It has been nearly 40 years since Freddy Mercury wrote the rock ballad, “We Are The Champions“, and we have learned two important facts in that time. First, scientific researchers have determined (and we are not making this up) it is the catchiest pop song of all time. Second, we have realized, most of us, that we are not the champions. And yet, within the coffee universe at least, there are multiple championship opportunities, the preeminent being, Word Barista Champion. Despite the fact that many baristas believe the best barista in the world is likely toiling away quietly and anonymously on a 20 year old Linea in a coffeehouse and a town they’ve never heard of, there is little doubt that the best competition barista is crowned each year at the WBC event, though, oddly, Queen is never the crowning soundtrack. Yes, there are many awards awarded each year but none ascend to the drama of the WBC ceremony when only two competitors remain without a trophy. If it was a foot race this would be the finish line and the winner displays all the incumbent emotion of having just swept the tape by mere inches. The crowd goes wild, mostly in celebration of the champion but also out of sheer relief over not having to listen to any more sponsorship recognition.
D is for Delivery
Coffee can be and is delivered, repeatedly in its life, via every method of locomotion and container imaginable. From donkeys to dinghies, coffee is moved from one place to another over and over again from the day it is picked. Baskets, bags, buckets, busses, barrows and bikes, coffee is always on the move. Carl Diedrich, the story goes, used to drive his Volkswagen bus from southern California to Guatemala to retrieve green coffee for his store front roasting operation. Roasters in large cities use bicycles to deliver small orders to local wholesale accounts. To date, however (and we are still waiting for surveys to be returned), we have yet to hear of coffee being transported, for any reason, via surfboard. We’re not saying it doesn’t happen, it’s just that the route seems never to arrive anywhere. You’ll remember, of course, that when Carl Diedrich returned from a trip to Guatemala and roasted the coffee in his small storefront roastery on a roaster he built himself, you could come in and buy beans from him but you were not really invited to hang around and have a cup of coffee. Like the original Starbucks and the original Peet’s locations, Diedrich was operating a “bean store.” There was no seating and the only reason any of them brewed coffee was so you could sample their product.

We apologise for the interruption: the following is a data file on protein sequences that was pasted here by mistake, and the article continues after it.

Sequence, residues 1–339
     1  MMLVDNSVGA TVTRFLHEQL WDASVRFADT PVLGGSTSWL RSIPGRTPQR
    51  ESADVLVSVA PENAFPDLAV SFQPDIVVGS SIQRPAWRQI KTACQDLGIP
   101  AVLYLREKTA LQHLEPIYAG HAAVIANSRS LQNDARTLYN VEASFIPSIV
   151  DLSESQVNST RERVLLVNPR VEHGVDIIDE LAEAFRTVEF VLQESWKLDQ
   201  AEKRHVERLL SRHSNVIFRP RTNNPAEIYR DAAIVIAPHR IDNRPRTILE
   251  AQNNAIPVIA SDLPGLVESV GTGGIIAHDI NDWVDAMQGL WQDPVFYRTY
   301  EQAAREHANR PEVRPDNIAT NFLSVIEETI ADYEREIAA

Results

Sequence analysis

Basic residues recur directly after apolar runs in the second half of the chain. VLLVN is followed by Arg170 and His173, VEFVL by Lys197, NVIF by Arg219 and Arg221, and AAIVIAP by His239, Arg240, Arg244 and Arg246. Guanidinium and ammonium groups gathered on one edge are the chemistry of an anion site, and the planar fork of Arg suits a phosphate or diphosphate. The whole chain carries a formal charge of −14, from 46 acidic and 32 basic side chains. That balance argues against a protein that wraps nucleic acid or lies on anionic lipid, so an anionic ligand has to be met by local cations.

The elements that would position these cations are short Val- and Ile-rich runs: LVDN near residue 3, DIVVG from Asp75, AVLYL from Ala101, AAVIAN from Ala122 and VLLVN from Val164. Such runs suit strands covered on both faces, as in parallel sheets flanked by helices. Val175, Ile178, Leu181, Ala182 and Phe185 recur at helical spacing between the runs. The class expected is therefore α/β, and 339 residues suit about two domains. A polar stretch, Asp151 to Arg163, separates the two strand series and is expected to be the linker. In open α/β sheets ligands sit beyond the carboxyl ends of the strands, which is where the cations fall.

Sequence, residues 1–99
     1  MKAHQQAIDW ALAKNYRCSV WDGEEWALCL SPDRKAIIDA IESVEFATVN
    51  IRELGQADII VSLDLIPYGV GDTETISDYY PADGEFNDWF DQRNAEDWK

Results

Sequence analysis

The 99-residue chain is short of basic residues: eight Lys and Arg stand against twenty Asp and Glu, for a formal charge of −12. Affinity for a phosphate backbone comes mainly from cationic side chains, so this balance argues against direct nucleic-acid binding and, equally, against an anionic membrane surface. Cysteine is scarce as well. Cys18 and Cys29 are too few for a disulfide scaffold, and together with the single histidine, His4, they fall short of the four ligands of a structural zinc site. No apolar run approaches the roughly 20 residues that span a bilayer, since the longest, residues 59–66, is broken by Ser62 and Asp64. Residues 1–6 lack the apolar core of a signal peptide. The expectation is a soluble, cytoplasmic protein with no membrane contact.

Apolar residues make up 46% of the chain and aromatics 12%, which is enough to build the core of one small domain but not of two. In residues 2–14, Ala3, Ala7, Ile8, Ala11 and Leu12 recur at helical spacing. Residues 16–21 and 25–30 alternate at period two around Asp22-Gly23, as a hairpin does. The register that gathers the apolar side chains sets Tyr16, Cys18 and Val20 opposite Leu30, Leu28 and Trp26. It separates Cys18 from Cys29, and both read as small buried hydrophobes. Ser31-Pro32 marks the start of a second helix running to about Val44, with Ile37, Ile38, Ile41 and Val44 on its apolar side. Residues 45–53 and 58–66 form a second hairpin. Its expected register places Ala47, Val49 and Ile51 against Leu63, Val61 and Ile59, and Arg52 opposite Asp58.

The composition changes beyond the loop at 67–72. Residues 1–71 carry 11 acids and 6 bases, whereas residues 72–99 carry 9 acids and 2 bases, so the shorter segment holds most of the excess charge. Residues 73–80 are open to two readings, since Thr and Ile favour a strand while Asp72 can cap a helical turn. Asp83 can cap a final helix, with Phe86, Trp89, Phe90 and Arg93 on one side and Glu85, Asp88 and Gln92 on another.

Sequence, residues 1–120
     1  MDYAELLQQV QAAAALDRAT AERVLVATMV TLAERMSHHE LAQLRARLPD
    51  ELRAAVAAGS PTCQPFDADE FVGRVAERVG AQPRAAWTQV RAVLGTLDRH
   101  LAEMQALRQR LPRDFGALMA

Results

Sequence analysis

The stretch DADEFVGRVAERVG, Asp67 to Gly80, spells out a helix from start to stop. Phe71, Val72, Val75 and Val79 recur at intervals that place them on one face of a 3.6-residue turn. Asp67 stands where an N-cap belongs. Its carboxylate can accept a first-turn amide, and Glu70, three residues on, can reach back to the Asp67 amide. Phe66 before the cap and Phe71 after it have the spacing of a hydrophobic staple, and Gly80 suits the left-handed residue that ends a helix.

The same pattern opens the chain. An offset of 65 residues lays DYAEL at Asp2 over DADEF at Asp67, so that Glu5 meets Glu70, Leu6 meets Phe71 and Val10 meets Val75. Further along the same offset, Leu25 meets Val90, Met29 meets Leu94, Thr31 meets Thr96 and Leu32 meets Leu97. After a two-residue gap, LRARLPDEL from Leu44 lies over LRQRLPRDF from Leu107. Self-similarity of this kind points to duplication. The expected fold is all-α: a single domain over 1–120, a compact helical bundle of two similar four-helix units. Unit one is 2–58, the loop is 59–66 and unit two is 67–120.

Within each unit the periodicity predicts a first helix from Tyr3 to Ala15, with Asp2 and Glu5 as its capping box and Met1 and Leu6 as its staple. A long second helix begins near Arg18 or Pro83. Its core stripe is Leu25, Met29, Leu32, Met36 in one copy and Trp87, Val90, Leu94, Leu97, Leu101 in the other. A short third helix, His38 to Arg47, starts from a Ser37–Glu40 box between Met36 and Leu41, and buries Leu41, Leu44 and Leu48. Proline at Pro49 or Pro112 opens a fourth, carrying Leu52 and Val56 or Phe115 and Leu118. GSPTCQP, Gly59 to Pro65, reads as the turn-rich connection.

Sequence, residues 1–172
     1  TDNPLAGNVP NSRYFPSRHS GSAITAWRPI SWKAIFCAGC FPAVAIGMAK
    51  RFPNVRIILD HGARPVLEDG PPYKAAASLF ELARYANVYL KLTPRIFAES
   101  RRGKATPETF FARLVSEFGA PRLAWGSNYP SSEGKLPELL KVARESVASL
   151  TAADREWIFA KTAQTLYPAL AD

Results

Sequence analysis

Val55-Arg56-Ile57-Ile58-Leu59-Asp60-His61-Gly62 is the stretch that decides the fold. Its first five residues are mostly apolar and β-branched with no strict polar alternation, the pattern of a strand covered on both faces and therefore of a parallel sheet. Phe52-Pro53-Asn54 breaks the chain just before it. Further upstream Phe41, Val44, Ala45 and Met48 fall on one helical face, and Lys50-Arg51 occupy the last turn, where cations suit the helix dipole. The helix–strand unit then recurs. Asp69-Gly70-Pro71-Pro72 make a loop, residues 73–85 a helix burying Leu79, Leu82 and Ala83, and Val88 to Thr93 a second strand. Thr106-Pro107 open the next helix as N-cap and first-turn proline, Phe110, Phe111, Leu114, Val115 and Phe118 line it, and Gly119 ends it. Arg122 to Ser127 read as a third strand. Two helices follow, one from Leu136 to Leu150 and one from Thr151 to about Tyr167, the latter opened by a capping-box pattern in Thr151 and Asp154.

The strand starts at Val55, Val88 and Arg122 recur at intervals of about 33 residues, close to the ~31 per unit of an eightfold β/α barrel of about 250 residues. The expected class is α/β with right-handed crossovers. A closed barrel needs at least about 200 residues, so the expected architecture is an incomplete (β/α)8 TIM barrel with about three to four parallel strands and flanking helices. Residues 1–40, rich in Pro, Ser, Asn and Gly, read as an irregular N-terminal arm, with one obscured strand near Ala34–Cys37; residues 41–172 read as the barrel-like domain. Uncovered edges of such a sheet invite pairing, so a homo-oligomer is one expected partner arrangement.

E is for Extraction
Soluble material. We are, all of us, miners trying to extract gold, soluble material, from ground coffee and do it in a way that makes people grateful we did. Those who are the business of delighting others become addicted to it in the same way that our customers come to depend on what we do and how we do it in all the good ways people depend on things, if not for good reason then for reason enough. Every brew holds within it the potential for disaster and worse, disappointment. The target is surprisingly small within the range of possible outcomes but getting there has been an open secret for so long the challenge now is a war of inches. Delightful. More delightful. Most delightful. If there is a point of diminishing returns chances are we will not recognize it until it appears in the rearview mirror but in the meantime we dig deeper.
Original illustration by Thomas Putman for Sprudge.com.